Ah burdocks. I wrote about these plants before; we are still waging war on them at the Would-Be Farm.
In springtime, they are among the first plants to push green leaves out of the ground. They are unmistakable, lush and green. They grow everywhere, including in a ring around the area where we burn them in the autumn.
This spring, I harvested a few. And by "harvest" I mean "dig up, kill, and eat without prejudice."
Burdock is widely used in Japanese cuisine. I didn't have sake, soy, or much else, so I cooked it as I might have done with a carrot or some lotus root.
I put them into a bucket of water and then first scrubbed the clay dirt from the roots before peeling them like carrots. I sliced the roots into slivers, and sauted them with apple slices and maple syrup.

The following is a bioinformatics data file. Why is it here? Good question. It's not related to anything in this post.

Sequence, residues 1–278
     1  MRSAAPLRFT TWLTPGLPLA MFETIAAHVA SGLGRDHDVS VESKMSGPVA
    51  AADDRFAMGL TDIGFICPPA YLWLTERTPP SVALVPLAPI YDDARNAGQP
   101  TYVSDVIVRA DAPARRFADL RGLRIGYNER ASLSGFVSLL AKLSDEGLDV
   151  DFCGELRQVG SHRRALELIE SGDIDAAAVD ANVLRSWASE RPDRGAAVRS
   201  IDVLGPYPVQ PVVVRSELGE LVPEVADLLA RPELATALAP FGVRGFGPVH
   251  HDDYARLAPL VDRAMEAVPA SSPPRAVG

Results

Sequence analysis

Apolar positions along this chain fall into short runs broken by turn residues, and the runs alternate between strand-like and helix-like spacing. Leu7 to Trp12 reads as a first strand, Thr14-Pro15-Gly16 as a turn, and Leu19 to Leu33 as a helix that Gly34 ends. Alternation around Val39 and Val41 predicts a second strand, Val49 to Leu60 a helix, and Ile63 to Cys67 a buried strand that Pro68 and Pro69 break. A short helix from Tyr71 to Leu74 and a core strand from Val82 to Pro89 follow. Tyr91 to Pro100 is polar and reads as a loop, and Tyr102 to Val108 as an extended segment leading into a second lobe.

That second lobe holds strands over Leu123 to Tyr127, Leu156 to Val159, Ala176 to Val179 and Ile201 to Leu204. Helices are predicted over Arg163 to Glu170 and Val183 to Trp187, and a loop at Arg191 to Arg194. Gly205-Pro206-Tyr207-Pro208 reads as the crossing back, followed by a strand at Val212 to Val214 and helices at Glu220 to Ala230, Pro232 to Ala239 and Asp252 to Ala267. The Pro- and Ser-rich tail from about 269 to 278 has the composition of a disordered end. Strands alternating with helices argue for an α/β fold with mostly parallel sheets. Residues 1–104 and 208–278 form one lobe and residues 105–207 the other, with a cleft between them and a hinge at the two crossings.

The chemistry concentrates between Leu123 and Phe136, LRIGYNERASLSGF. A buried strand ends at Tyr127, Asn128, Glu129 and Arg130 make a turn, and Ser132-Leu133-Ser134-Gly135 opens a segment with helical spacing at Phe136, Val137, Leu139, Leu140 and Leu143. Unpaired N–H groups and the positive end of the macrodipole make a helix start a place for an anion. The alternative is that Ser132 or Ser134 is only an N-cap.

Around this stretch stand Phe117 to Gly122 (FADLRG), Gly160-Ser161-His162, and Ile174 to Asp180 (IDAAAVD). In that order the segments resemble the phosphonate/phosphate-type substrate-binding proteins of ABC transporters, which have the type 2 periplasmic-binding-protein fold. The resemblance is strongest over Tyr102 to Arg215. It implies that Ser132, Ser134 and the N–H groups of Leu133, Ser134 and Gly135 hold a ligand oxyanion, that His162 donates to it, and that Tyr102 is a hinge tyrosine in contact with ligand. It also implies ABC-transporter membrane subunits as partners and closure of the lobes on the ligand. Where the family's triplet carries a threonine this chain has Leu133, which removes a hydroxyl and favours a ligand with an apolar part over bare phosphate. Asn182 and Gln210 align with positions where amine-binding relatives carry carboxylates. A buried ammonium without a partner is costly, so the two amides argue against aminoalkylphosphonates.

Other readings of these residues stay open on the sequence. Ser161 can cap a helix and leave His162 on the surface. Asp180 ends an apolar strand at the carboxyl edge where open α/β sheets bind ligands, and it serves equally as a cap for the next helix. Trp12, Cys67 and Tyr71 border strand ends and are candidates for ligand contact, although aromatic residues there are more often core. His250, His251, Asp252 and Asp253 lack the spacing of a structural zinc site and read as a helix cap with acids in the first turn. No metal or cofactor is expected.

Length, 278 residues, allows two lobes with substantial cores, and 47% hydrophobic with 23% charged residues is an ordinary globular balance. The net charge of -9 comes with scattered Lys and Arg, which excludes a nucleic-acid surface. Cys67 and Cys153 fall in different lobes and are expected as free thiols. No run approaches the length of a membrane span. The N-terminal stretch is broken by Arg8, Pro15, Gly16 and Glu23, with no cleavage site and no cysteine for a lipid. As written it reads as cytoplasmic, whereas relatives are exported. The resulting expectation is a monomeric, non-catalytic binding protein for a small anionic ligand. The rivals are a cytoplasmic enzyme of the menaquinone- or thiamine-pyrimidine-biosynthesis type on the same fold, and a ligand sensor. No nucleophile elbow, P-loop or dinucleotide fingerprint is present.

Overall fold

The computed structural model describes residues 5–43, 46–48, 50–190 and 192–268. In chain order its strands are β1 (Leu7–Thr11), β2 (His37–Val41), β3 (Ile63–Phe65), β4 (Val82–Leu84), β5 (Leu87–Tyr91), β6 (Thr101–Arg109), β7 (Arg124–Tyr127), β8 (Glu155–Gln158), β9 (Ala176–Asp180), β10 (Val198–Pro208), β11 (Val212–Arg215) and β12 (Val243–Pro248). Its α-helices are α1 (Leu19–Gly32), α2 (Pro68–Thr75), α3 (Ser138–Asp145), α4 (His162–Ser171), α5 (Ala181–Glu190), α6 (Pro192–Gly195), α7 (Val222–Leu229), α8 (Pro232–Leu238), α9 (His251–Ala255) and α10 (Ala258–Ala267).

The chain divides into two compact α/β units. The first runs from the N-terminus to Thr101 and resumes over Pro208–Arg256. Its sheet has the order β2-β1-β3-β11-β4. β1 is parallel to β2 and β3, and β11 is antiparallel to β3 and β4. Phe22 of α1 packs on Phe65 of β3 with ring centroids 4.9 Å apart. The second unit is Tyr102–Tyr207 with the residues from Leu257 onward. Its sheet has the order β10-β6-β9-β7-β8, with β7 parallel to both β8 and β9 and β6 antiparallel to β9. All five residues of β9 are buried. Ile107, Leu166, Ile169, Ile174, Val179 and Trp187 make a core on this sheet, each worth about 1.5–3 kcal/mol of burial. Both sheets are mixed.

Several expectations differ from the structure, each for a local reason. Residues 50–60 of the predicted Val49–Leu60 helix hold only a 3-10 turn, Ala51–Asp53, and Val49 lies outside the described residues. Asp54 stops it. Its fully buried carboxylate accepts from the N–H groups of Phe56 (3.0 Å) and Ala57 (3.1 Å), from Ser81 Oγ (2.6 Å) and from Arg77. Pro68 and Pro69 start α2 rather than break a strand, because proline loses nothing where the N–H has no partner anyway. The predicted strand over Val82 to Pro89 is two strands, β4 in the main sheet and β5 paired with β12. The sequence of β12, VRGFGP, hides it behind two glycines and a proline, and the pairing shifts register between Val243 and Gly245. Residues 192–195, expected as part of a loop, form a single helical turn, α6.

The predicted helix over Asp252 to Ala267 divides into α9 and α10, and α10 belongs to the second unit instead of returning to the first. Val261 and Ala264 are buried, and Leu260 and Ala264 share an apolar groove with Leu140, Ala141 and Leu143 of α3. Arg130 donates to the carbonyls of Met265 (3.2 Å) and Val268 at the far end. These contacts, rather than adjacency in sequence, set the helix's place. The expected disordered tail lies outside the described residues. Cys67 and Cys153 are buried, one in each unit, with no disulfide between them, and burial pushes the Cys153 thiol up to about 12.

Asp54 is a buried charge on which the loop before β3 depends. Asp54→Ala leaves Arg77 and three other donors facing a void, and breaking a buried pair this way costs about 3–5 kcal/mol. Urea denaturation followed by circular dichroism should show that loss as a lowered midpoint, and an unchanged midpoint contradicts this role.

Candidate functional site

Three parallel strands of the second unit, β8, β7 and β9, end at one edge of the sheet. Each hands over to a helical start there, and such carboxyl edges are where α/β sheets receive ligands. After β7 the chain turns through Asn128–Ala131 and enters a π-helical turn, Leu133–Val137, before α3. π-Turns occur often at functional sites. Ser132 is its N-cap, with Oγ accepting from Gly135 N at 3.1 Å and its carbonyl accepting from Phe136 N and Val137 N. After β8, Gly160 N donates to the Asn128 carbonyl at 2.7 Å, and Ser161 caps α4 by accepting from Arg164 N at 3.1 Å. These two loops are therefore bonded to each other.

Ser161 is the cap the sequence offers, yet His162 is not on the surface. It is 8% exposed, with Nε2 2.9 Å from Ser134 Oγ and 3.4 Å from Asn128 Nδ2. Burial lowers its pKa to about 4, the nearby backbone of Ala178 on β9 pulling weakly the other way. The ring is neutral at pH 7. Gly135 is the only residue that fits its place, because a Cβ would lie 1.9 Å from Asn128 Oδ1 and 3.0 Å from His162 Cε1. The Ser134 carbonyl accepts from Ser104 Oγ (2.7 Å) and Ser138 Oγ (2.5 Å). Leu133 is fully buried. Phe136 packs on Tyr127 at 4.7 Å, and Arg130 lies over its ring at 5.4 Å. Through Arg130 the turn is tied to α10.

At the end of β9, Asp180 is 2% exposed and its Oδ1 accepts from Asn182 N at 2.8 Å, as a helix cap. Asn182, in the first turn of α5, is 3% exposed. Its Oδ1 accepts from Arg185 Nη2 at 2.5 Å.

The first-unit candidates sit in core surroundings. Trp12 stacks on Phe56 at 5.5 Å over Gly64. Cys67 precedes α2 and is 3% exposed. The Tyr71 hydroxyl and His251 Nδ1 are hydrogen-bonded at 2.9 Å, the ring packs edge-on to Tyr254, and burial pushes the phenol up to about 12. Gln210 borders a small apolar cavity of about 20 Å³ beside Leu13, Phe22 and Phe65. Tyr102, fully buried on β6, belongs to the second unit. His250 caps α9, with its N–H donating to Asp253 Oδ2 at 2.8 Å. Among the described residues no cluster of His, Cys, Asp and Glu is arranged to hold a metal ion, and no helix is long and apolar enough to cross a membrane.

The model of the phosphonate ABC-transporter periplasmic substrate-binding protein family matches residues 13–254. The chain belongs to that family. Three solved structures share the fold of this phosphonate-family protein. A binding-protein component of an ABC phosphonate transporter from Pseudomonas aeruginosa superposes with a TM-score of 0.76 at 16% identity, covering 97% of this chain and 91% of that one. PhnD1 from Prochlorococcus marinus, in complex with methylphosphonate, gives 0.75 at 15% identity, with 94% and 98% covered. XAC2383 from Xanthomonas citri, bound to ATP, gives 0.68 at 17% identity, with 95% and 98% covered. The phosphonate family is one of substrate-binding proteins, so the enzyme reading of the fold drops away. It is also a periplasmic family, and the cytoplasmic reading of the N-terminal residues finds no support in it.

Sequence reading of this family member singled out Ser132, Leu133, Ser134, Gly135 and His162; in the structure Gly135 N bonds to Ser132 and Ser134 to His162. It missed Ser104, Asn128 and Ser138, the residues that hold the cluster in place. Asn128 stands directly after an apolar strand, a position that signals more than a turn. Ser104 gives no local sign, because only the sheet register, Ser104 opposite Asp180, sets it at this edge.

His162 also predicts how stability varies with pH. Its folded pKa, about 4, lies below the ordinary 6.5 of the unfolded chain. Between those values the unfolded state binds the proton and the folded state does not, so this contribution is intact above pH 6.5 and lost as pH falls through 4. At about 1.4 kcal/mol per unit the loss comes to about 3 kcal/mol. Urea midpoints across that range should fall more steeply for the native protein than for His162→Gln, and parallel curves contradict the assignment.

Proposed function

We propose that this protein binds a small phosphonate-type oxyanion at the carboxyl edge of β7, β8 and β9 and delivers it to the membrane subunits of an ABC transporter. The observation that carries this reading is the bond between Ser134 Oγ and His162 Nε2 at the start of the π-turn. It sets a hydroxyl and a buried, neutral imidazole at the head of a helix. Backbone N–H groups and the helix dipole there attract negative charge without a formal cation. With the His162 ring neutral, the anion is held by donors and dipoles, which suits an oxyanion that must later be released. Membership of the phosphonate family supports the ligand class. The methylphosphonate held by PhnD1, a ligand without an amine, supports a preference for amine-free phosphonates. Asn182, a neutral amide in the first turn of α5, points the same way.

It was a little tough, a little subtle, and It didn't make our top ten list of exotic delicious items from the farm (Pureed hickory-nut frozen dessert, anyone? Maple syrup perchance? How about apple-wood smoked fish? Or milkweed greens? Or wild free-range turkey? Ahhhh.), but Mr. Linton allowed that –– all things considered –– we wouldn't starve if we were left with only burdocks to sustain us.
Happily, there are other crops on hand. We had our first mushroom from last year's plantings.
The single mushroom –– shitake –– was delicious, even to me, and I do not like mushrooms as a rule.
And <insert sound of heavenly choir> the asparagus yielded a sampler this spring.
Other good news from the Farm: several of the plants that looked dead at the end of last summer's drought have returned from Underworld. The spirit of Spring springs eternal.
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